No player can leave a club in any of the big Leagues in England or Scotland to go to another club in those leagues without the consent of his club, or the arranging of a transfer fee which is satisfactory all round. Let me give a particular example of what I mean.

I believe it to be a fact that one of the really good players who is now appearing “out of the limelight” would have been at the present moment with a first-class club in England but for the fact that it was found impossible for the two interested clubs to agree as to the amount of the transfer fee. For reasons of his own the player did not wish to remain on the staff of the club for which he had played for some time, but in the effort to keep him that club put a transfer fee on his head which the club desirous of obtaining his services considered prohibitive. As no agreement could be reached, it become obvious that the player was left with but two alternatives. One was to continue to play for his old club, which he did not want to do, and the other was to go to some side out of the limelight where the question of transfer fee did not arise. And he took the latter course, though I can scarcely conceive him doing so without many regrets, or before he had given the whole of the pros and cons of the proposition very serious consideration.

It may be argued, and has been argued, that the fellows who desert first-class football to play for minor clubs because of some financial or personal reason are putting individual considerations before the good of the sport. Perhaps they are, but it is rather late in the day to suggest that football is not a business. I will never admit that the average professional footballer does not love the game as a game, for I believe that only by having his heart in it can a player become really successful.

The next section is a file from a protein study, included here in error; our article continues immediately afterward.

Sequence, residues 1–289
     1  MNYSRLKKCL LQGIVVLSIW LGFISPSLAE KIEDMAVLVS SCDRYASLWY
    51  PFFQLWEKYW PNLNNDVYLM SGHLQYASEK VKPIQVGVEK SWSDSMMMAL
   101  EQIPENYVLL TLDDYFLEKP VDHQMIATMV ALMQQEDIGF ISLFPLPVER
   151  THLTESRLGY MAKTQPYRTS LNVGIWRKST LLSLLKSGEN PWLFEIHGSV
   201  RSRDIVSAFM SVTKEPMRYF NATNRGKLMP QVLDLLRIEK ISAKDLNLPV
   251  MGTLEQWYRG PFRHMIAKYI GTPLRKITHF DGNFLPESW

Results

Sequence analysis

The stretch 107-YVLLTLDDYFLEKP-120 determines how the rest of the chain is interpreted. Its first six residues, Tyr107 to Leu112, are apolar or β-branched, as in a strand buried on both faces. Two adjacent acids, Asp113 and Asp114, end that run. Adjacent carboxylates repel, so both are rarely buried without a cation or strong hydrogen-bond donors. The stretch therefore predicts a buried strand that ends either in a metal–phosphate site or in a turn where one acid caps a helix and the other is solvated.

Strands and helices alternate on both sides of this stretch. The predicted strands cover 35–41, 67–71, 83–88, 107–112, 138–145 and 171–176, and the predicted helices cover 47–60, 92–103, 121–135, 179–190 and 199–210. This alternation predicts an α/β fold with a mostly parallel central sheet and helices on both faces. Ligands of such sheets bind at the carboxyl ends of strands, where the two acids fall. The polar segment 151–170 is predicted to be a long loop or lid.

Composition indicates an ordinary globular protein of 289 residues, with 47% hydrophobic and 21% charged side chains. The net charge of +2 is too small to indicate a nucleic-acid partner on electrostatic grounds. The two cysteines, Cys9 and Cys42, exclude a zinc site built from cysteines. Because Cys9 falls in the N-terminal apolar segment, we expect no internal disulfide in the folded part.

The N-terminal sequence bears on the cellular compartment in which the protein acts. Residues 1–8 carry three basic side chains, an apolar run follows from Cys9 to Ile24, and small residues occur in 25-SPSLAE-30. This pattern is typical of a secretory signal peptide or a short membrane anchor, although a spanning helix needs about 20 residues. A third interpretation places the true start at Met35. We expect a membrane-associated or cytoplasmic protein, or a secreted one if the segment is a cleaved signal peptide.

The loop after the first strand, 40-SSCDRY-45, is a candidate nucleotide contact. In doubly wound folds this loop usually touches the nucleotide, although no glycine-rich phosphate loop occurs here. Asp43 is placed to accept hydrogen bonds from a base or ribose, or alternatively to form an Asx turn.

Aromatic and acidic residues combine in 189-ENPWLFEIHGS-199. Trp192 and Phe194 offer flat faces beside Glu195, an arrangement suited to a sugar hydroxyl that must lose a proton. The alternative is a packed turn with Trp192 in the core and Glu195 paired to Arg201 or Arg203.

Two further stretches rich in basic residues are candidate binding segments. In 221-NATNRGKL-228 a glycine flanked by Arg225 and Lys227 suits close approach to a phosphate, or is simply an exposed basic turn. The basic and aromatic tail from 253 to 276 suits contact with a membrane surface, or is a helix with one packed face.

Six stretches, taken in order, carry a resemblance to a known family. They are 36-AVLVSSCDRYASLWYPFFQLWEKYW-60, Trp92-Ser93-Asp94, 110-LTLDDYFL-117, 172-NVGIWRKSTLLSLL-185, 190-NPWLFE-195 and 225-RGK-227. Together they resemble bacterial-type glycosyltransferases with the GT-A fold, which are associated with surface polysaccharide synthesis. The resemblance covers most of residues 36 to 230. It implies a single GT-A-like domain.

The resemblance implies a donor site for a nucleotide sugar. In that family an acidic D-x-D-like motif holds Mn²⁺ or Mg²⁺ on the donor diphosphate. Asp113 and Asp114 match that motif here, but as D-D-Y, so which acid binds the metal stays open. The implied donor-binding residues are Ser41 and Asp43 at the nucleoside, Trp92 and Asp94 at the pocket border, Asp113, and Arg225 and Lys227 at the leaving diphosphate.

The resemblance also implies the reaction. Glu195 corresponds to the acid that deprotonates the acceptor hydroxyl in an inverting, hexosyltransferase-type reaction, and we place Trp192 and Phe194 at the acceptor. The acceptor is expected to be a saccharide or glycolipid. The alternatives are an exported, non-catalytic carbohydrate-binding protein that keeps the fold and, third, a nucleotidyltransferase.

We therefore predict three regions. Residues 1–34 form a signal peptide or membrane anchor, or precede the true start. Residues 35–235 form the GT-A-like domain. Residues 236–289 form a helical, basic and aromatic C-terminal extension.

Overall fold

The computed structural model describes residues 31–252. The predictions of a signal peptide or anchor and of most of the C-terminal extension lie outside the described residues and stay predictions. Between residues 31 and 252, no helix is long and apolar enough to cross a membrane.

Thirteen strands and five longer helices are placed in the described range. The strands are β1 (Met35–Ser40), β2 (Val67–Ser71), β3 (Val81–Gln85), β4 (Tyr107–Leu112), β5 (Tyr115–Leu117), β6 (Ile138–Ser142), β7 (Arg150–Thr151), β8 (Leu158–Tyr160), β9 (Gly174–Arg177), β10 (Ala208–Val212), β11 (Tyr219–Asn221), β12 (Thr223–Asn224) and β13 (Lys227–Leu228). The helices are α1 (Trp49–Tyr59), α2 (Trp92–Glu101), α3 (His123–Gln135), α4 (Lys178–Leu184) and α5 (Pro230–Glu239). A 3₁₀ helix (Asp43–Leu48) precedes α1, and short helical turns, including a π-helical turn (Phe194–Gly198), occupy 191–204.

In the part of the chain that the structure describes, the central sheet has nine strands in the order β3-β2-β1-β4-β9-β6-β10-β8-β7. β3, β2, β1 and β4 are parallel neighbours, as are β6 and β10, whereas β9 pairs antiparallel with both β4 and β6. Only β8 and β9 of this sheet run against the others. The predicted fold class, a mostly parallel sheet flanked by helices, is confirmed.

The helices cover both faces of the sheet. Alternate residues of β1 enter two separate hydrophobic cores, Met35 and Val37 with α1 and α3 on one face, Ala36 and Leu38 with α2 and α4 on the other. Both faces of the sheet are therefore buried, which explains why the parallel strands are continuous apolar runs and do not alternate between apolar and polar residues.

Suppose a professional footballer sacrificed his future for the good of football as a whole, would football recompense him when he was no longer able to earn a living by playing? I very much doubt it. As I said earlier in these notes, things in the world are not as near the ideal as we could sometimes wish they were.

However, for a moment let us look on the bright side of this business of well-known players who are now playing out of the limelight. There ought to be a bright side, and it seems to me possible that the game may eventually benefit. From second-class teams to-day are recruited the first-class players of to-morrow, and it may well be that a seasoned and experienced player, appearing regularly and mixing among the players of a second class team, may do quite a lot towards raising really first-class players. A hint here and there to a young player on the threshold of his career might easily be the means of bringing out the genius that is in him.

Many old players are given jobs as managers in the hope that they will be able to bring on the youngsters in the proper way. And the same effect may be obtained by a sprinkling of first-class players among the so-called second class clubs.
(Fife Press and Kirkcaldy Guardian: September 9, 1922)

Kenny Campbell.
Kenny Campbell, 1922